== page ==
Disclaimer: this one gets a bit graphic, so be advised
Yes, I got sick my first weekend in Guyana. It was stomach flu and I nearly passed out from dehydration. But Mom, please know that I was not in any real danger. My host mother took care of me like a hen to her egg. She never left the house!
My host family is the Joseph family. Walter and Desiree (Dez-ah-ree, for those of you who want to say it Creolese style) are close to my parents’ age. They have two daughters who are both married and have children. One daughter is a nurse living in England, and the other is a teacher living on an island in the Lesser Antilles whose name has left me at the moment.
Walter is a retired Ministry of Agriculture official who runs his own rice patty, farm, and livestock not far from where we live. Rice patties and farms are known collectively as the “backdam” in Guyana. I have yet to visit da backdam, but want to very much. Walter has goats, sheep, cows, ducks, and chickens. His chicken and duck coops are in the back yard of our house and he has a garden twice the size of my parents’ on the side of our house.
Desiree keeps the roost. She cooks and gaffs with me all the time. Gaffin is Guyanese slang for chatting. The dishes she prepares are incredible. She is active with her church and misses her daughters.
The Josephs are a Christian, Afro-Guyanese family. I will explore all the other combinations of Guyanese ethnic/religious blends later.
The Josephs retired well. They own their land. Their house has two stories and is roughly 2/3 the size of my house on Angeleno street. I sleep upstairs and have my own bathroom with a toilet that flushes, a sink, and a shower that sometimes works (cold water bucket bathes are the most common). Rooms are walled, but not to the ceiling. This is to allow for air to pass freely throughout the house on each level. It is crucial, believe me.
My room is tiny and I have my own mosquito net, double-sized bed, armoire, dry rack, and dresser. I also have a fan, but try not to use it as electricity costs double what it costs in the states (this is WITH the adjustments for Guyanese living costs and exchange rate). I love my mosquito net. I love it with all my heart and flesh.
Do you know what gravel pills are used for?
Thursday of last week is when I met my host family. Wouldn’t you know that on that very Friday night at 11:30pm I woke up to stomach pains and horrible acid reflex? From then on I was back and forth from the bathroom. I was throwing up, having diarrhea, throwing up, having diarrhea, and generally feeling soar because I couldn’t get the toilet to flush. Toilets aren’t complicated things. You just hit the lever and it goes. I’m civilized, what’s wrong with my brain? Is it the malaria pills I’m taking? I was sure I was waking my mother up because I was taking bucket after bucket of water from the shower to flush the toilet and then washing my hands afterward. I was convinced I had somehow gotten sick and broken the Joseph’s toilet all within 48 hours of meeting them. I was a wreck.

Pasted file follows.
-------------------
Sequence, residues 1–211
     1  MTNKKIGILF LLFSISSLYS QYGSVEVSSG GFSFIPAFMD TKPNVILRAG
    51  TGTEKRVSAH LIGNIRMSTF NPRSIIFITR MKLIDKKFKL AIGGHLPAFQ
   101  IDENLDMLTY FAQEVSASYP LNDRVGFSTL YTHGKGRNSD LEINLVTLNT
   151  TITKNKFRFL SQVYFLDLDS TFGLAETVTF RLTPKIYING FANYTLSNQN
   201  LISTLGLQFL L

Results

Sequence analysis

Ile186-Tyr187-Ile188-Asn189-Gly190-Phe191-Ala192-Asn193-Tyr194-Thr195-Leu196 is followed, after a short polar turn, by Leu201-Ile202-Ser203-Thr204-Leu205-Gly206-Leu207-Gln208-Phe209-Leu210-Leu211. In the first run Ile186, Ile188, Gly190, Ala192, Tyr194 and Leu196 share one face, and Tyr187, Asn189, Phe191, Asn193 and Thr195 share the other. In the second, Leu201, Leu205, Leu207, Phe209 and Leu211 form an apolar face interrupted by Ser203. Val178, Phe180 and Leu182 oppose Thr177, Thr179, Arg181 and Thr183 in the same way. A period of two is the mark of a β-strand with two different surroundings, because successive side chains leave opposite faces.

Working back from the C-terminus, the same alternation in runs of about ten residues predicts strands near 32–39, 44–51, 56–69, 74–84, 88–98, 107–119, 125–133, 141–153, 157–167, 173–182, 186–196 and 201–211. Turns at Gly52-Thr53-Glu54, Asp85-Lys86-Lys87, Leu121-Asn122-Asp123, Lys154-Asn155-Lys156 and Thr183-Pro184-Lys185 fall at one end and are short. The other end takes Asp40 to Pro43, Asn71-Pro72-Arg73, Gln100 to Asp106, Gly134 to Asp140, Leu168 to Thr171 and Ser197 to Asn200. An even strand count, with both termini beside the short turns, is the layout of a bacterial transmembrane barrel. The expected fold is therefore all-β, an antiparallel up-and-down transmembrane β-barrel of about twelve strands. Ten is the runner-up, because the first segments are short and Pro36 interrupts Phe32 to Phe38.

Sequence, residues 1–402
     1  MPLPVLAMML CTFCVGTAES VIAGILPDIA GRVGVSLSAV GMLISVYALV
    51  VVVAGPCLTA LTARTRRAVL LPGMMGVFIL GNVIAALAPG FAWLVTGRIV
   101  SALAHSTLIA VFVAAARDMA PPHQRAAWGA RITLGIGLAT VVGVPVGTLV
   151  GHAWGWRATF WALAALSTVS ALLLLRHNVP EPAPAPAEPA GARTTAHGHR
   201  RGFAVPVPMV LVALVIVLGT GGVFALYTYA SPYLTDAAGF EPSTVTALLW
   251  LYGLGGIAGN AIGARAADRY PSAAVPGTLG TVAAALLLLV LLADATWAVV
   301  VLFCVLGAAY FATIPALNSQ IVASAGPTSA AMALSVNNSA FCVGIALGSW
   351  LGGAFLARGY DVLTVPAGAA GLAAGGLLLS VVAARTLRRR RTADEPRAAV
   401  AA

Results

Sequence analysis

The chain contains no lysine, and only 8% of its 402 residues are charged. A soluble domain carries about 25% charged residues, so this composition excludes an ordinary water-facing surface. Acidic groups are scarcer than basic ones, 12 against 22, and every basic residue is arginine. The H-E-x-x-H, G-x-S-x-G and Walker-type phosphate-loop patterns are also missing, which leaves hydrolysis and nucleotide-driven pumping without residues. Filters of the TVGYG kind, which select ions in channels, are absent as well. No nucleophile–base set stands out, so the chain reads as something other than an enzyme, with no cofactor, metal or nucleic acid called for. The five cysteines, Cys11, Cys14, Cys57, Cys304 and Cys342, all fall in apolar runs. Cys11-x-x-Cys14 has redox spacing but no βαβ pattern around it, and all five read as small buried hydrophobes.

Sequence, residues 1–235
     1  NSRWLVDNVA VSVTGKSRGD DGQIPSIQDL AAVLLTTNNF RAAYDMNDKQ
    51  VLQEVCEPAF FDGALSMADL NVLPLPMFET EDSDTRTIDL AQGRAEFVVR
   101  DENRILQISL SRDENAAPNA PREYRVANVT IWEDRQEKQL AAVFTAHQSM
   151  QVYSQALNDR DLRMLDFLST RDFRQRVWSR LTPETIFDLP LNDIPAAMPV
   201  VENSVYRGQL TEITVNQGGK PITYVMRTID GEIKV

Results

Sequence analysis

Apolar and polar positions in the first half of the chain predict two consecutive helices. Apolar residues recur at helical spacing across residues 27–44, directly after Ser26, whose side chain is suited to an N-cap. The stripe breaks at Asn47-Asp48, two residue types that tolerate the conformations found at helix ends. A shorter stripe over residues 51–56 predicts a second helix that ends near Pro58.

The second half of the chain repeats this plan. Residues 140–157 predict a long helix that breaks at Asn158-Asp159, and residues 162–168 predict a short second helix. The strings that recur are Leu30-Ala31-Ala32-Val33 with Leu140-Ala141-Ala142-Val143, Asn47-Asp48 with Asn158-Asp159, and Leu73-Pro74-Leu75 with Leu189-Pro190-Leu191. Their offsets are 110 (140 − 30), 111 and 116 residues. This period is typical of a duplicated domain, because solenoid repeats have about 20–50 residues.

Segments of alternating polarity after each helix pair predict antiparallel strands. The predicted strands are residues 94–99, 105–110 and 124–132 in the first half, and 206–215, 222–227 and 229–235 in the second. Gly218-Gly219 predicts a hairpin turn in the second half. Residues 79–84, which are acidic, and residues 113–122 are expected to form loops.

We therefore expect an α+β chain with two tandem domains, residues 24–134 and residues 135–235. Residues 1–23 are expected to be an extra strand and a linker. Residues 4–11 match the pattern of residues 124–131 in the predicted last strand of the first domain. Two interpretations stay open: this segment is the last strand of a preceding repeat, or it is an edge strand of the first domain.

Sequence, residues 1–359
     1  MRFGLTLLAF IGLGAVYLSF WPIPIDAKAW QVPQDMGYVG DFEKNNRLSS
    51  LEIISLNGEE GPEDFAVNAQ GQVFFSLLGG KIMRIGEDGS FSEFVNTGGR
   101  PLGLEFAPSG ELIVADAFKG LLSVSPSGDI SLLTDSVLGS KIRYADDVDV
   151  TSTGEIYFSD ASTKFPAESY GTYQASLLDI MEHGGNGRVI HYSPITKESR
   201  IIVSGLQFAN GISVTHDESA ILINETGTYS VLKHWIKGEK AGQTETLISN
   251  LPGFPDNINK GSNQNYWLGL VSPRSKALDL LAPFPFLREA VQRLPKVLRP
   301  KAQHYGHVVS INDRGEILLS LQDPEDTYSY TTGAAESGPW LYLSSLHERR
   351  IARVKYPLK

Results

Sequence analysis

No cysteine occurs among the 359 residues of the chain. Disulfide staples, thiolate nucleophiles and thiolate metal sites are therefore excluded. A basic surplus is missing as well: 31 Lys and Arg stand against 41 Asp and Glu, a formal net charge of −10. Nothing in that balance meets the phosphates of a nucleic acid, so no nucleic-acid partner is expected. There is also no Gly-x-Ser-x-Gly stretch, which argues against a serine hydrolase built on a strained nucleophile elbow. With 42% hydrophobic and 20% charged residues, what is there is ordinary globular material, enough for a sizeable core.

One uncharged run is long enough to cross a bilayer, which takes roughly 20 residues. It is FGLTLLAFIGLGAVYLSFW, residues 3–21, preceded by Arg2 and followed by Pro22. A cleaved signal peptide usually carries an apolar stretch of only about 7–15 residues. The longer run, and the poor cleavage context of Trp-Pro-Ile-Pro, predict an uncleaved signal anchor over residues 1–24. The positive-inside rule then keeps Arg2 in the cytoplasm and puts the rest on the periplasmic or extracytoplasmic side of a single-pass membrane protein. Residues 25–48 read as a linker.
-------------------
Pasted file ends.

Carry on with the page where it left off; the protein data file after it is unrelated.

This cycle lasted until 6:30am, Saturday morning. When I was just falling asleep, my alarm went off because I had told Walter that I wanted to see his farm that day. I got up and went downstairs and almost fell because I was so dizzy from dehydration. After some explaining (not much was needed), everyone got the picture and I was back up to bed with bottles of drinking water. I slept. At 9am I woke up to noises of roosters crowing, sheep bleating, and thought, “Maybe I should call the PCMO (Peace Corps Medial Officer), Nurse Jean.”
I found her phone number in my training handbook and noticed that next to it there was a memo reading, “please do not wait until the morning to call your PCMO if you are ill. Trainees that try to ‘tough it out’ sometimes find themselves in compromising situations”
Shit. Why am I an idiot?
Nurse Jean answered when I called and talked me through everything. I was instructed NOT to stop the diarrhea because I needed to flush out whatever was in me. I DID need to stop the vomiting because I had to keep liquids down and stay hydrated. Enter gravel pill: I had a medial kit with me and took 50mg of gravel to help stop the vomiting. Believing that hydration was the key issue here, I naturally took my gravel pill with a lot of water.
DO NOT DO THIS! I took my pill with lots of water, got drowsy, and passed out (normal side effect). However, an hour after this occurred, I shot straight up and wide eyed, out of my bed. I ran to the toilet, sat down, flushed, washed my hands and lurched back to my bed. It was at this point that I was hit with an extreme dizziness and the most rapid, intense, full body sweat I have ever experienced in my entire life. Then I threw up.
I called Nurse Jean. She laughed and said I was supposed to take my gravel pill with no more than 1oz of water. She told me I was going to be fine and that I just needed rest, drink clear liquids, and drink clear soups. NO FAT. Desiree, of course, understood all this and tended to me the rest of the day.
It was an ordeal. Even though my body was in no danger, my morale was. I became very lonely and suffered from homesickness most of the weekend. I was lucky to have such a great host family, healthy body, and wits strong enough to keep me from packing it all up and heading back to the states (I was this close people).
I was also lucky enough to have a staff member, Tabitha (Tabby), visit me and stay the night because Walter and Desiree are her Aunt and Uncle. Tabby took me to see Tolga, another trainee, on Saturday afternoon and I have never been happier to see an American in my entire life.
It was a good test, but a test nonetheless. Who likes tests? I don’t.